The name EarthSeed comes from the 1990's novels Parable of the Sower and Parable of the Talents written by award-winning Black science-fiction author Octavia E. Butler. The fiction books chronicle 21st-century America as it unravels into horrific, tyrannical mayhem, and those who were once considered middle-class citizens struggle to survive in a violent reality void of normalcy, family, and resources.
Seemingly more prophetic as time goes on, one of the characters in the Parables, Lauren Oya Olamina, helps rebuild her community through Earthseed, an "egalitarian philosophy and spiritual practice which honors inquiry, independent thinking, and realistic acceptance of constant change."
Nicole Mitchell and Lisa E. Harris's EarthSeed is inspired by and a tribute to Butler's work. In response to the chaotic and atrocious turn our society is taking, the composers have made a sonic EarthSeed. The 11-track project is both soft and energetic, utilizing spoken word and solo instrumentation to create something spiritually moving.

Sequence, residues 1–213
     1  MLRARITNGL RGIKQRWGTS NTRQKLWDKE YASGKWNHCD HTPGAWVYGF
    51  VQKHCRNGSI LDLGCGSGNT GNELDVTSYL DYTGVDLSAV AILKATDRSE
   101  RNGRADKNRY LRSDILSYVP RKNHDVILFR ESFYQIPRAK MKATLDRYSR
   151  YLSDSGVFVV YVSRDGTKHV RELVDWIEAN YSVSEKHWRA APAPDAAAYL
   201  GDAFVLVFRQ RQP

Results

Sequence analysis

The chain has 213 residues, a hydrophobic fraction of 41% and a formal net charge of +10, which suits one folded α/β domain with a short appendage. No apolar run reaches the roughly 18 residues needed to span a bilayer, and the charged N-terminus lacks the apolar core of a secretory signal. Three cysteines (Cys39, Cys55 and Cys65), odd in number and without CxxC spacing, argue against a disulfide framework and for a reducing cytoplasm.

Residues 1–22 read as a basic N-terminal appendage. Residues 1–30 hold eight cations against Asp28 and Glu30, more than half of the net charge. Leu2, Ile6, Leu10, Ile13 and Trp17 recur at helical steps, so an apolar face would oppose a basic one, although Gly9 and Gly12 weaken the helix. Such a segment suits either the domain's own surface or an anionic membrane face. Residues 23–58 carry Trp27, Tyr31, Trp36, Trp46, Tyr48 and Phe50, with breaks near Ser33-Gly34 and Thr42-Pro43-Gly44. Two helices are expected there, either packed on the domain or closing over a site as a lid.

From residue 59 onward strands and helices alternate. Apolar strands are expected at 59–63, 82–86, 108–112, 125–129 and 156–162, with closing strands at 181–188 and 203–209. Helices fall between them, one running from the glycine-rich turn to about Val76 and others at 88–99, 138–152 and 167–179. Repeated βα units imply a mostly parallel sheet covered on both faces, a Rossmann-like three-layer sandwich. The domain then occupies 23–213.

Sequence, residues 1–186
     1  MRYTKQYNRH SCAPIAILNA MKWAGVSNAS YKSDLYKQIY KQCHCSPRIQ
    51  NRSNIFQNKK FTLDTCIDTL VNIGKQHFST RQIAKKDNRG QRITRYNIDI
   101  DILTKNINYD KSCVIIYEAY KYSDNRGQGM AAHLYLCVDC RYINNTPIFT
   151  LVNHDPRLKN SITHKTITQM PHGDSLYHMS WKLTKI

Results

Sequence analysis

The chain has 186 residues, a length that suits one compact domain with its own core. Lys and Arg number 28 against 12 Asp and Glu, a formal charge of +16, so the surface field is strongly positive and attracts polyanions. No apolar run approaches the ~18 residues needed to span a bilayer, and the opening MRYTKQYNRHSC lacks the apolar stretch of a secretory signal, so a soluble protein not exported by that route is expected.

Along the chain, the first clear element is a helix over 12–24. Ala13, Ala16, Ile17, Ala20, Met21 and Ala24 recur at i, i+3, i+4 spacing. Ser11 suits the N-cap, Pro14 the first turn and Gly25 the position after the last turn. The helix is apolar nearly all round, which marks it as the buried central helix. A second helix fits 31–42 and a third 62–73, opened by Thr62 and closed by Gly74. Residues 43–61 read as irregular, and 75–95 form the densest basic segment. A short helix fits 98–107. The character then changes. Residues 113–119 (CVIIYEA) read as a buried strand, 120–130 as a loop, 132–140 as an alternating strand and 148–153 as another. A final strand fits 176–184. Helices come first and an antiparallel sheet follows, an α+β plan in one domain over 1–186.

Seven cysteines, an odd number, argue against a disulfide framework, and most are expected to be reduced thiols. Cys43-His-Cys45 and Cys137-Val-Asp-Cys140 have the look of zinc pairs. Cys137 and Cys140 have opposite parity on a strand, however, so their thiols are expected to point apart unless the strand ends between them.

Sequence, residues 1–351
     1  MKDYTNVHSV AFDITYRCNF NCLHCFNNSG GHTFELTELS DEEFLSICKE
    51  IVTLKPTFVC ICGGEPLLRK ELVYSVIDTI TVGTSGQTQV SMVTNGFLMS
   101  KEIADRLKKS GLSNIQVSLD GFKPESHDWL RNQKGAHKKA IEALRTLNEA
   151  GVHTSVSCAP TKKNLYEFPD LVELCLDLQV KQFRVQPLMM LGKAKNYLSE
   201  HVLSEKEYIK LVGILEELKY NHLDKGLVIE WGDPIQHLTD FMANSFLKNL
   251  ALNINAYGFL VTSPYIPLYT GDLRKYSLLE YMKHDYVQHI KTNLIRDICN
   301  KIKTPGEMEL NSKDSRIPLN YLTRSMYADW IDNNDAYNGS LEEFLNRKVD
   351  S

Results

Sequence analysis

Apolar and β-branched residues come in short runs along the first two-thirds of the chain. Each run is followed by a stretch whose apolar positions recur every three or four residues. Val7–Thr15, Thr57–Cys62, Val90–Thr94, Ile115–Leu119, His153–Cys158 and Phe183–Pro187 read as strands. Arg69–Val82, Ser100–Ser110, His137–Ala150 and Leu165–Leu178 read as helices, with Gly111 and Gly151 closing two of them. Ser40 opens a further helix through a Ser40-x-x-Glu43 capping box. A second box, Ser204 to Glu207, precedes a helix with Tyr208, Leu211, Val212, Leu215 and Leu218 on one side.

Merce Lemon - Moonth Merce Lemon's first full-length album, Moonth, officially dropped on all streaming outlets last week. But those on Bandcamp may have gotten to hear it a little bit earlier, as Crafted Sounds and Darling Records (the labels are doing a co-releasing) released Moonth on the platform a week prior.
With her father Greg Pierce on guitar, the album is a bedroom pop blend of blues and indie-folk. From the indie rock stomper “Sardines,” to the jangly hitter “Baby,” to the stripped-down solo “Disco Ball,” you can hear the bond shared between father and daughter as their guitars weave in and out.
100% of all profits from this release will be donated to the Pittsburgh-based Black Unicorn Library and Archives Project, with a commitment to a minimum donation of $200.
Josh Vredevoogd, an LA-based animator and designer, produced a video for Moonth's lead single, "Baby," which can be viewed below.